Tuesday, March 1, 2011

Mike Denaro, wood carver

Photo by Ewa Rumprecht
Mike Denaro of Oyster Bay considers himself a folk artist. Carving is not his only artistic form of expression; Mike also does floor cloth, stained glass, and plays fiddle in his free time.

Mike, a second grade teacher, is a trained horticulturalist and confirmed nature lover. He walks in the woods at least once a week; couple of times a year he joins the organized trips of the Appalachian Mountain Club, the oldest conservation club in America, as a backpack leader.

An avid fishermen, he was not willing to shell out a large amounts of money on fishing decoys; got himself a piece of wood and a knife and carved his first decoy. Eventually his ice fishing decoys won prizes at juried shows. There is a science to making ice fishing decoys - lead is inserted into the belly to keep the wooden decoy fully immersed; it must sit in water horizontally like a live fish would.

Photo by Ewa Rumprecht
In the years that followed Mike's subjects varied from Americana, Christmas ornaments, fiddles to walking sticks.

He uses mostly basswood, but also butternut, dogwood, mountain laurel, and Eastern red cedar if he finds it during his rambles. He likes wormy wood, he feels it has more character. Mike applies colors rather sparingly and washes it out a lot to allow the grain to show a bit. The final coat is of floor wax, clearer or darker depending on the piece. In general, he prefers matted look; shine on the handles of his walking sticks comes from buffing the wax.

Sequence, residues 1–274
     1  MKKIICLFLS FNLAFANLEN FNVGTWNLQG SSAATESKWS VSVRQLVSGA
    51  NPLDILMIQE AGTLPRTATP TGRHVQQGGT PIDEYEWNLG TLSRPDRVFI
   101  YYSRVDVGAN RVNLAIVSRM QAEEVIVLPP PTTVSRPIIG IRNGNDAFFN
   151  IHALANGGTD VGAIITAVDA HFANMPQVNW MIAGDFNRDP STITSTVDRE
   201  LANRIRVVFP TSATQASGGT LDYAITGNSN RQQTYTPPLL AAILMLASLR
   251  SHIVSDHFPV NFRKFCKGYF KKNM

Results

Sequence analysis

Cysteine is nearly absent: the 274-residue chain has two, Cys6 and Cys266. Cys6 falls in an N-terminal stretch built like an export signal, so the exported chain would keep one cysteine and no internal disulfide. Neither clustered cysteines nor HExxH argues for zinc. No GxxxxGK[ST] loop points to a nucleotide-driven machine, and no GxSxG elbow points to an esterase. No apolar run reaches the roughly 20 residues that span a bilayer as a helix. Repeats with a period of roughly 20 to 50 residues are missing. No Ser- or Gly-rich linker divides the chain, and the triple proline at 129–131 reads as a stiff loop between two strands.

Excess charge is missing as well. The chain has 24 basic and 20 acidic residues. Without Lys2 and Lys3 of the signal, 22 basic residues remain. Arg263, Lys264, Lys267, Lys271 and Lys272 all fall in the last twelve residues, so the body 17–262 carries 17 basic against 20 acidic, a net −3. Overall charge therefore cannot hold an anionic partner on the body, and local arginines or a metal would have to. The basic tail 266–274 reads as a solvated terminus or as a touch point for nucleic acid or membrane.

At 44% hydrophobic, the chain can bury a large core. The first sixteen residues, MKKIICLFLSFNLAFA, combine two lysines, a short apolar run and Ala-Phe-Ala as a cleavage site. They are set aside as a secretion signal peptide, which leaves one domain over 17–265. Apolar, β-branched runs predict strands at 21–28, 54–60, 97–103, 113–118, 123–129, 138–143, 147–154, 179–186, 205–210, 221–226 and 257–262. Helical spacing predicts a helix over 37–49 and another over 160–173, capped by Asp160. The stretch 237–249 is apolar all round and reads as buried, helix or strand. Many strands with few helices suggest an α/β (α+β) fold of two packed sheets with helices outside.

With the exception of a band saw to cut wood, all carving is done by hand. Mike prefers to work with knives over gouges which, technically speaking, makes his art whittling and not carving. Whatever the technicalities, the end results are captivating.

You will get a chance to meet Mike at the store on Saturday, March 12th, between 10 am and 12:30 pm, when he will be one of the instructors at the Introduction to Wood Carving event.

1 comment:

  1. Mike's creativity in multiple media (wood, glass, textiles, wax, hypertufa, plants, food, and life)as applied to many different crafts was an inspiration to many people. I had the fortunate opportunity to be graced by his personality/talents on a regular basis through my relationship with his Aunt Fran. His openly friendly demeaner was appreciated by everyone he encountered. Hopefully we all continue his passion for creativity and love of nature in every aspect of life. He is missed dearly, will never be forgotten, and still inspires me every day. Love you Mike.
    Your Uncle Hal